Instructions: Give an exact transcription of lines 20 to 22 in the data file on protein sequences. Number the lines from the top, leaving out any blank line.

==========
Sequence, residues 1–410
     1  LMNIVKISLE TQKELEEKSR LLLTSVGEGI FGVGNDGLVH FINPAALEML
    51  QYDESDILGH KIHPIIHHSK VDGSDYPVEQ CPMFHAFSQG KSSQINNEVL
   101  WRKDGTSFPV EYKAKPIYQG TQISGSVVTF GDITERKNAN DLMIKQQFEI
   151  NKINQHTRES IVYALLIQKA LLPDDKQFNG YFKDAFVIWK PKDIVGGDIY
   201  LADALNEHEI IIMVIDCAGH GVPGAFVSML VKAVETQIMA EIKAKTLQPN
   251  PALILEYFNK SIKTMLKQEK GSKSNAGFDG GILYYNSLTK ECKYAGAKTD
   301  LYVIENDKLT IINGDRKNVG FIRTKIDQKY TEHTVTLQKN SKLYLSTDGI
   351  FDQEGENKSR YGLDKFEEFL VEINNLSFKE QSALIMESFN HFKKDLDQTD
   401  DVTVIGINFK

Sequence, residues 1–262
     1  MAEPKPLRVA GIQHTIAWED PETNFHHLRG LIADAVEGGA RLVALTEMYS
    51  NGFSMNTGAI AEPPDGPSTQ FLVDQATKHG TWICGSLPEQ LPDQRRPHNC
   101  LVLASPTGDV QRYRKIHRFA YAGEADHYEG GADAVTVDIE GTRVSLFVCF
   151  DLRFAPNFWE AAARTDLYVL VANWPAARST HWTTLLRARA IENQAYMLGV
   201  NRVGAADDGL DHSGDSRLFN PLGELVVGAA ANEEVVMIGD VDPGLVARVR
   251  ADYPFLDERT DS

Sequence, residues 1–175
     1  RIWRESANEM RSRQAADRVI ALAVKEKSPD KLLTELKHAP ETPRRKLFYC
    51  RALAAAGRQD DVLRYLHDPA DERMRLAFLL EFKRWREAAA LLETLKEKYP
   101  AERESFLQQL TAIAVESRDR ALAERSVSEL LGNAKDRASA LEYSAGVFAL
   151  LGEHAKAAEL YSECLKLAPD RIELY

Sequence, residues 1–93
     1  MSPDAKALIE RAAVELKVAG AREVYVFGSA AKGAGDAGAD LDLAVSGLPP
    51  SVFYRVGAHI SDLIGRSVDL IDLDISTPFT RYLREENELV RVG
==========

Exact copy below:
    51  RALAAAGRQD DVLRYLHDPA DERMRLAFLL EFKRWREAAA LLETLKEKYP
   101  AERESFLQQL TAIAVESRDR ALAERSVSEL LGNAKDRASA LEYSAGVFAL
   151  LGEHAKAAEL YSECLKLAPD RIELY